Braving giant rats, albino alligators and hungry CHUDs, I headed into underground Brooklyn today with a group of friends. Three years now, every other Sunday, I’ve watched people climbing a rickety ladder down into a manhole in the middle of the Court Street/Atlantic Avenue intersection for tours of the Atlantic Avenue Tunnel.
Every week, I’d say to myself, “Self, you need to get in on that action.” And every week, I kept putting it off until prompted by a New York Times article a few weeks ago. I should have done it sooner. The Times, as is its wont, has ruined yet another experience by shining the bright light of publicity on it. Back in the day, the tours looked to be about 50-people strong. Today, the 1:15 tour attracted somewhere between 150 and 200 people.
We waited in line alongside the massive walls of Trader Joe’s, putting up with the questions of passers-by. “What’s going on?” My best answer was, “There’s a big sale on pickles at Trader Joe’s.” 200 people, though. Ridiculous.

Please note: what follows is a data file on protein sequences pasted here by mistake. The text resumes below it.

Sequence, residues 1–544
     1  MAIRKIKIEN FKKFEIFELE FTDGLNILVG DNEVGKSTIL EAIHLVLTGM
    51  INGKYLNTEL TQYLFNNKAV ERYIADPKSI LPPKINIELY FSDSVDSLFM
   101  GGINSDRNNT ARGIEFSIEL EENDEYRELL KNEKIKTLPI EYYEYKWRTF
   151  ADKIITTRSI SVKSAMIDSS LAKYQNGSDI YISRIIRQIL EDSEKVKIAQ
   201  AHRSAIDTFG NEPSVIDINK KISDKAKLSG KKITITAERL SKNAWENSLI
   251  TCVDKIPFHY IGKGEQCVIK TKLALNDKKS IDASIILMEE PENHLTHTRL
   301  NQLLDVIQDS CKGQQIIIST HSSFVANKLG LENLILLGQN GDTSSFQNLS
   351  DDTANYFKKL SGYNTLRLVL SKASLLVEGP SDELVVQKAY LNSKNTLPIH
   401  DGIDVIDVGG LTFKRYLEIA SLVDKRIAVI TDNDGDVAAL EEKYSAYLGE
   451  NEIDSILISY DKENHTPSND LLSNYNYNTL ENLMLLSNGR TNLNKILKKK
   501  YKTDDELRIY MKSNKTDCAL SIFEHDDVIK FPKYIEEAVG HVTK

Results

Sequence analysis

Do you know how long it takes to get that many people down one ladder, through a manhole cover? Damn long. That’s how long. So we ended up waiting for half an hour in the dank bowels of Brooklyn as the other 195 people climbed through.
But once the tour started, it was totally worth it. In truth, there’s not a great deal to see. It’s a half-mile long tunnel used briefly by the Long Island Rail Road during the 19th century.
The history of the tunnel–especially as told by tour guide Bob Diamond–is what makes the trip fun. So does his history of how he rediscovered the tunnel after it vanished from the history books or was otherwise deemed undiscoverable by people in the know. (Prior to the mid 80s when Diamond found it again, the last time anyone had seen it was when the Feds busted a hole through the street during World War I because they’d heard rumors from old people in the neighborhood that German spies were making mustard gas down there.)
Anyway, if you’re interested in this sort of thing, I’d recommend it. But you might want to wait a couple months until the throngs prompted by the Times story thin out a little.